Feast of All Saints 1 November 2020

Another beheading…this time in a Church, a Catholic Basilica in Nice, France! At least in Herod’s situation, he ordered the deed. This time the deed was accompanied by the cry that “God is greatest”. 

As John the Baptist was numbered amongst the Saints so, too, the women murdered whilst at their prayers in that Church.

In a recent review of the newly published biography of Graham Green, the English writer A.N. Wilson observes that Green had a “lifelong zest for paradox”. This struck me. In an ancient time, Jesus responded to the death of John by giving the world what we call the Beatitudes, read from Matthew’s Gospel today. Likewise, we have this horrendous attack in the context of Pope Francis recent letter, “Tutti Fratelli”, in which he proclaims a similar path in today’s language to overcome the madness of our age.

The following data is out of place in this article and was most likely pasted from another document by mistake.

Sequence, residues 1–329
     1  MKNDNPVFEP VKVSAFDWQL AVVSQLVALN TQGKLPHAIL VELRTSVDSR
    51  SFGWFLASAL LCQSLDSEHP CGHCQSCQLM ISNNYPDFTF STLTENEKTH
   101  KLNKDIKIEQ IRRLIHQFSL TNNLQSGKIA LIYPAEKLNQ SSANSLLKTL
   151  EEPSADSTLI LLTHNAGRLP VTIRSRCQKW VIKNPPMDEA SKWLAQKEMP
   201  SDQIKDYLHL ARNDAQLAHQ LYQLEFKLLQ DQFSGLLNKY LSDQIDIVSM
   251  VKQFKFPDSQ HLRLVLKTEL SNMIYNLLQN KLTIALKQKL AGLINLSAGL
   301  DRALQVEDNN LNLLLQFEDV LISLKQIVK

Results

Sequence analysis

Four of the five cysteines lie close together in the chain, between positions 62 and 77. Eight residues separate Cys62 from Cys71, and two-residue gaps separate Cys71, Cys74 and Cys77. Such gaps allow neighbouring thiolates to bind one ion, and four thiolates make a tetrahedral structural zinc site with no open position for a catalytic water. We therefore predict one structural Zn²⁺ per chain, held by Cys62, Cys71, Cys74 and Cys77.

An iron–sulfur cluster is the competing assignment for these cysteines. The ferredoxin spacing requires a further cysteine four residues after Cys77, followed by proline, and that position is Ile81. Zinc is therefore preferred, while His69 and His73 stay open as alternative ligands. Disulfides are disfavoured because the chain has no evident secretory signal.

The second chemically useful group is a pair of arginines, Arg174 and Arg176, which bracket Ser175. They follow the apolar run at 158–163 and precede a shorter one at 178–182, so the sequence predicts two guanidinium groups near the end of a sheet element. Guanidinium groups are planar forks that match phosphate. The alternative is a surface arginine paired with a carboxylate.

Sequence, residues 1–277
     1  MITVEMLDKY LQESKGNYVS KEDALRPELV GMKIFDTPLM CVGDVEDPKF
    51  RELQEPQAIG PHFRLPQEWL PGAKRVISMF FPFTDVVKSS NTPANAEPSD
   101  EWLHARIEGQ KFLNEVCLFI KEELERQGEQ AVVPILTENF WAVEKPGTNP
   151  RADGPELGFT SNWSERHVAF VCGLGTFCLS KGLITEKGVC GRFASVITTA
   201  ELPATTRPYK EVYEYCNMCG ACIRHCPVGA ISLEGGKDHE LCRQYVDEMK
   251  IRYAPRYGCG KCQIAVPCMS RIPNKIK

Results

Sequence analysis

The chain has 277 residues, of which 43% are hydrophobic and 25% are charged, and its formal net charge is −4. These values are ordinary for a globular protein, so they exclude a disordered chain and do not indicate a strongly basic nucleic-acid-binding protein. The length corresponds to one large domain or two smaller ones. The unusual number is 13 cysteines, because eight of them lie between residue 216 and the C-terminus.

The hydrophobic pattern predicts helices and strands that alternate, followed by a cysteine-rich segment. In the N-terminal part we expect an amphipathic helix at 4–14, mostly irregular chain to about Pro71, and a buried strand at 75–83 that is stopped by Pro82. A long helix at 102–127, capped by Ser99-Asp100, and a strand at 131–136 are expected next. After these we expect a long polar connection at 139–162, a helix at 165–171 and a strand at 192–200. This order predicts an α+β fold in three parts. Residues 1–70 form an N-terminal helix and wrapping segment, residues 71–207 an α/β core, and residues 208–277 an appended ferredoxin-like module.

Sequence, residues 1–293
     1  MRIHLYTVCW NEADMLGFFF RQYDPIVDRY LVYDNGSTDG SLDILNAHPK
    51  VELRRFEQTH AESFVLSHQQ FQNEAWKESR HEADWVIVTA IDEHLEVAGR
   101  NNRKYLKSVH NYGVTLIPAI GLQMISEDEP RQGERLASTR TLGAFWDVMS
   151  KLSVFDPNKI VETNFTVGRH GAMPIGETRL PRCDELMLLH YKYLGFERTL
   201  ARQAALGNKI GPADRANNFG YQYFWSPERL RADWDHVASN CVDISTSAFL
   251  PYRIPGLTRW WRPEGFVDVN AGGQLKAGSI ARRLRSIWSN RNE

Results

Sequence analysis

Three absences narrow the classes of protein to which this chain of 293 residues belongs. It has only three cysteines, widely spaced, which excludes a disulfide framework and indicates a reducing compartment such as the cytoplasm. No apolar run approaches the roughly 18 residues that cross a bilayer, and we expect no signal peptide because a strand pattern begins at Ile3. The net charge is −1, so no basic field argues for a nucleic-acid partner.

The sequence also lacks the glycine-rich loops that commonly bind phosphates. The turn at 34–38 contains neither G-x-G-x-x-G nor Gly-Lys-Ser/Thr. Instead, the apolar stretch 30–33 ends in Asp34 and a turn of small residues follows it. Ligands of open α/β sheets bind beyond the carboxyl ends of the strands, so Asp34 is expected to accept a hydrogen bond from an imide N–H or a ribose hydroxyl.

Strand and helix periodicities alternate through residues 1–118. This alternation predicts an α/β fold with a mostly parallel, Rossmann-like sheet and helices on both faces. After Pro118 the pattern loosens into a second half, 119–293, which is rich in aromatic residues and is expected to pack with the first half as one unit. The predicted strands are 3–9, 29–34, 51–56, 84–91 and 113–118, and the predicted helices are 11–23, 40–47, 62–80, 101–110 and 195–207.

Both statements are counter cultural. Both have been and will be sneered at…

Nonetheless, millions of people have found inspiration and solace in the Beatitudes. Used often at weddings and funerals, these words continue to elicit hope and ambition as people set out on their married journey; trust that some aspects have been worked at to offer at the pearly gates.

We give thanks today for the example of the many, many, women and men who have spent their lives in bringing life and hope to our communities. Some we acknowledge, like Mary MacKillop. Others, like Dame Mary Glowrey or Eileen O’Connor will, we hope, in time be similarly recognised. Most will never have a monument, but their good works will be written in the countless hearts of millions of fellow human beings 

Matthew lived and worked and preached in troubled times. Matthew’s advice, eventually written down, was to live in the spirit of the Beatitudes, not the sword. Slowly his world changed. Let us do likewise…and see the changes that make the kingdom come.

Mons Frank